In their view, for the majority of individuals, the potential health benefits of cutting back on meat probably do not outweigh the tradeoffs, such as:

  • impact on quality of life
  • the burden of modifying cultural and personal meal preparation and eating habits
  • challenging personal values and preferences

Second, the IARC does list processed meat in the same category as cigarettes—because both do contain known carcinogens—but the degree that they increase risk isn’t even close.

To fully explain this point, we want to offer a quick refresher on two statistical terms—“relative risk” and “absolute risk”—that many people tend to confuse.

Relative risk vs. absolute risk: What’s the difference?

In the media, you often hear that eating X or doing Y increases your risk for cancer by 20, 30, even 50 percent or more. Which sounds terrifying, of course.

But the truth? It depends on what kind of risk they’re talking about: relative risk or absolute risk. (Hint: It’s usually a relative risk.)

Let’s look at what each term means and how they relate to each other.

Relative risk: The likelihood something (such as cancer) will happen when a new variable (such as red meat) is added to a group, compared to a group of people who don’t add that variable.

As noted earlier, on average, studies have found that every 50 grams of processed red meat eaten daily raises the relative risk for colon cancer by about 18 percent.11

As we said, that certainly sounds scary.

But keep reading because it’s not as dire as it seems.

Absolute risk: The amount that something (such as red meat) will raise your total risk of developing a problem (such as cancer) over time.

Your absolute risk for developing colon cancer is about 5 percent over your lifetime. If you consume 50 grams of processed red meat daily, your absolute risk goes up to 6 percent. This is a 1 percent rise in absolute risk. (Going from 5 percent to 6 percent is, you guessed it, an 18 percent relative increase.)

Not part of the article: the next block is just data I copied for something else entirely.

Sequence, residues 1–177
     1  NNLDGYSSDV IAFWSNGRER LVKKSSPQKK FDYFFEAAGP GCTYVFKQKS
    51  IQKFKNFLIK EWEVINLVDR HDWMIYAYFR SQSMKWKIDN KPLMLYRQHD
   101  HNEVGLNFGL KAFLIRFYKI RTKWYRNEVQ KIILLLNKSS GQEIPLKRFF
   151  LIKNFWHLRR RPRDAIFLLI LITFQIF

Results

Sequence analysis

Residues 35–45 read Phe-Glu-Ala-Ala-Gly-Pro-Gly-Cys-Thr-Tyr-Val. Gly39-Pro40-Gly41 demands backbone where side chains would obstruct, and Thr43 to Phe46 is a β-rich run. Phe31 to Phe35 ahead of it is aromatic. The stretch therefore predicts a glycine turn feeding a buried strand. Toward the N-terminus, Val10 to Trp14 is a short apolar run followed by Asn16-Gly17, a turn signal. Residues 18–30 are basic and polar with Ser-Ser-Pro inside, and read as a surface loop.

So, back to smoking. Smoking doubles your risk of dying in the next 10 years. Smoking, by the way, also accounts for 30 percent of all cancer deaths, killing more Americans than alcohol, car accidents, suicide, AIDS, homicide, and illegal drugs combined.

That’s a lot more extreme than the 1 percent increase in lifetime risk you’d have by eating a daily hot dog.

Finally, how much red and processed meat raises your risk for disease depends on other lifestyle habits—such as exercise, sleep, and stress—as well as other foods you consume.

Getting plenty of sleep, exercising regularly, not smoking, and eating a diet rich in vegetables, fruits, and other whole foods can mitigate your risk.

Is processed meat the best option around? No.

Must you completely part ways with bacon, ham, and franks? No.

If you have no ethical issues with eating animals, there’s no need to ban red and processed meat from your dinner plate. Just avoid displacing other healthy foods with meat. And keep intake moderate.